Dating a former crack addict
Paul said that the more thorough the list, the better, in order to make sure the PIR deals with any smoldering resentments (or other thoughts and feelings) that might creep out later in an unhealthy way.The moral inventory in Step Four gives PIRs a practical tool for honestly and courageously facing how their addictive actions may have hurt others and harmed themselves in the process.Because of this, some PIRs may have developed trust, intimacy, or abandonment issues.As a result, they might view dysfunctional relationships as normal and seek out these types of unhealthy relationships in their new sober life, unless they are made aware of what they are doing and work diligently to release and heal their past.You may meet your PIR while they are in the midst of working Steps Four through Ten and be curious about what this "amends making" is all about.I was so unfamiliar with the Twelve Steps that I didn't know enough to ask Steve about them or if he had done them.There is no right or wrong way to do this Step, and those who work it don't stop to try to figure out why they did what they did--they merely make a list in whatever way works best for them, trying to be as "searching and fearless" as they can be.After listing their resentments, many PIRs include in their lists the other categories suggested in the Big Book: This last category of sexual harms is not limited to actual physical harms like infecting someone with a sexually transmitted disease, or having sex with someone against their will.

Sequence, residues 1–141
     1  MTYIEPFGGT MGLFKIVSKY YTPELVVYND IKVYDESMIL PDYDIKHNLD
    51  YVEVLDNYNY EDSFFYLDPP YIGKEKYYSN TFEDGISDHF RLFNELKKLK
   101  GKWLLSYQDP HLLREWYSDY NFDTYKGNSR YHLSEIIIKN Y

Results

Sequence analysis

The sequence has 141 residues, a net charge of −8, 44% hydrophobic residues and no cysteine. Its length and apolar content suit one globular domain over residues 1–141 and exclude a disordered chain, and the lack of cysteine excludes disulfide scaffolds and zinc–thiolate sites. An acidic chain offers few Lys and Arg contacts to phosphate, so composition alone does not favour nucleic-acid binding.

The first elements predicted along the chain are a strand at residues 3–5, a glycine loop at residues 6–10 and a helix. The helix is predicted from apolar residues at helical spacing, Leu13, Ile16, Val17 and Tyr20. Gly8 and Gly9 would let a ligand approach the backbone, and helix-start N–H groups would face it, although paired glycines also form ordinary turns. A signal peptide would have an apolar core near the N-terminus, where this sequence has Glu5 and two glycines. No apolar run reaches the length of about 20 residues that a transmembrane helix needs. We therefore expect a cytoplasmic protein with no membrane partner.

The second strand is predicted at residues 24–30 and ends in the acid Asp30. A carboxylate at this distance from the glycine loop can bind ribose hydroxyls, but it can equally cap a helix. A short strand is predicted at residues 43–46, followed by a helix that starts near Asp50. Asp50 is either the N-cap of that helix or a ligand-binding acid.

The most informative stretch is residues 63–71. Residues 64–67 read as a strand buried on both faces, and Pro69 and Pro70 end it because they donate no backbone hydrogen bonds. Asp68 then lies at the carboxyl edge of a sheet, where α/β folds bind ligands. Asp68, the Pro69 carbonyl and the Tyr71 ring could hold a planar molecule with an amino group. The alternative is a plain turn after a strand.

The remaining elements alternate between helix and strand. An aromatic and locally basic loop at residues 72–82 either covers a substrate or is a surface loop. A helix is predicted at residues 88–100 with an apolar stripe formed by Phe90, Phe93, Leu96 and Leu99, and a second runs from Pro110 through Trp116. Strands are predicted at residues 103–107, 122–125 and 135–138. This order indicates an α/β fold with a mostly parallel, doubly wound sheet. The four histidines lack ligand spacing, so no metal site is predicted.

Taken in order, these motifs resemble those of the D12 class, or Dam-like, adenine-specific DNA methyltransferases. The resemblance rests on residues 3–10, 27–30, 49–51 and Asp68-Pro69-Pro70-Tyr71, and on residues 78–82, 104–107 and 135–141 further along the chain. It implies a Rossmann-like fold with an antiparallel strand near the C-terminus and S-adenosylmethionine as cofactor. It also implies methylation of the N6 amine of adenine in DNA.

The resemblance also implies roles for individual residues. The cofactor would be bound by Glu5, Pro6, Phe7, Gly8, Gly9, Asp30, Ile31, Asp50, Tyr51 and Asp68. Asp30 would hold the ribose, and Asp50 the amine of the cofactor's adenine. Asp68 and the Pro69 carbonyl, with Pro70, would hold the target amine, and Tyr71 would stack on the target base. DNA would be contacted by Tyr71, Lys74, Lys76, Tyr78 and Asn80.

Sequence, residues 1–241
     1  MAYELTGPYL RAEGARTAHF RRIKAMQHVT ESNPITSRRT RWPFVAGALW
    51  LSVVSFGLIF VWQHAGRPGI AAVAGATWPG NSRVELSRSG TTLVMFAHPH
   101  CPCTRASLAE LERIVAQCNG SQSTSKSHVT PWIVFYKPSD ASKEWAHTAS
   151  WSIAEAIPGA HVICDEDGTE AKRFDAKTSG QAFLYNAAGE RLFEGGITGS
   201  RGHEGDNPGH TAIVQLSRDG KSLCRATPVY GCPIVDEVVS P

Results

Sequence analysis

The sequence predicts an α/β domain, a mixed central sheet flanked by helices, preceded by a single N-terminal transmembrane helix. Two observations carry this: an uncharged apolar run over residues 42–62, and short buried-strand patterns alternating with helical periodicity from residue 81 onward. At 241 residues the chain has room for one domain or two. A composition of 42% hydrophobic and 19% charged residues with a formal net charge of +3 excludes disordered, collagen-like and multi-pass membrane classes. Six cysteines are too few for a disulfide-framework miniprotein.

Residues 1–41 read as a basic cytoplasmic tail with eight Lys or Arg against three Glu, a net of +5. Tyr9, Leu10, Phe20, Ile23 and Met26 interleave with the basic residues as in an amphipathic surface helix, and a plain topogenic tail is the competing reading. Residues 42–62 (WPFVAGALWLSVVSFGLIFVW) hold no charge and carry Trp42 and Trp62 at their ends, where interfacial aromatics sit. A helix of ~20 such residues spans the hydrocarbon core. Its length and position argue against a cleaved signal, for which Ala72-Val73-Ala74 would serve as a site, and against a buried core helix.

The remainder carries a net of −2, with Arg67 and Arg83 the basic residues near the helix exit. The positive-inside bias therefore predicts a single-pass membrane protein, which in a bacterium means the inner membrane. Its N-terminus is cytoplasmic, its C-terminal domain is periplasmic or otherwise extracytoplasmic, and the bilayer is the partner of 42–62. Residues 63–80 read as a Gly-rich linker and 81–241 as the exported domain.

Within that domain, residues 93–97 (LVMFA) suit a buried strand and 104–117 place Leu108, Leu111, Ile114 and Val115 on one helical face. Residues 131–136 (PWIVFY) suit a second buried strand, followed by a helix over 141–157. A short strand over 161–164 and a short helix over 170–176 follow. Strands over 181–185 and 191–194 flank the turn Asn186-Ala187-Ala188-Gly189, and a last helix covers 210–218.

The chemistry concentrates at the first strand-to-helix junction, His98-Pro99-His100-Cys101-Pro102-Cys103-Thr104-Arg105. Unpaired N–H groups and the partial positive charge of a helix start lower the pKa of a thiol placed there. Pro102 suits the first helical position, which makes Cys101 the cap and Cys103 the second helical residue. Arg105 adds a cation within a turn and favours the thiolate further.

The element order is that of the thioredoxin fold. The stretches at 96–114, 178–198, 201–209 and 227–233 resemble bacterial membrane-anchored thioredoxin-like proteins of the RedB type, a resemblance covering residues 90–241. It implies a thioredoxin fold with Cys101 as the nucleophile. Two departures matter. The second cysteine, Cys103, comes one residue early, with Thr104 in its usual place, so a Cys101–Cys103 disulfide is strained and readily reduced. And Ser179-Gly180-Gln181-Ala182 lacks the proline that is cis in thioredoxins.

When PIRs do a personal inventory, they list the things--their thoughts, feelings, character traits, and behaviors--that stand in the way of recovery and those personal strengths that can help in recovery.
When people work Step Four, they begin to realize that in order to stay clean and sober, they need to handle all their feelings--the good, the bad, and the ugly ones--in a healthy and safe way rather than covering them up with mood-altering chemicals or addictive behaviors.
Many PIRs who have numbed their feelings for so long start to actually feel again.
A business that tries to sell useless or damaged things goes broke; a PIR who holds on to useless and unhealthy thoughts, feelings, and behaviors also goes "broke" and risks relapse.
The Big Book, page 64, says that "resentment is the 'number one' offender," and that it destroys more addicts than anything else does.
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And I certainly didn't know that, as someone in a relationship with a PIR, it would have been good for me to do these Steps as well.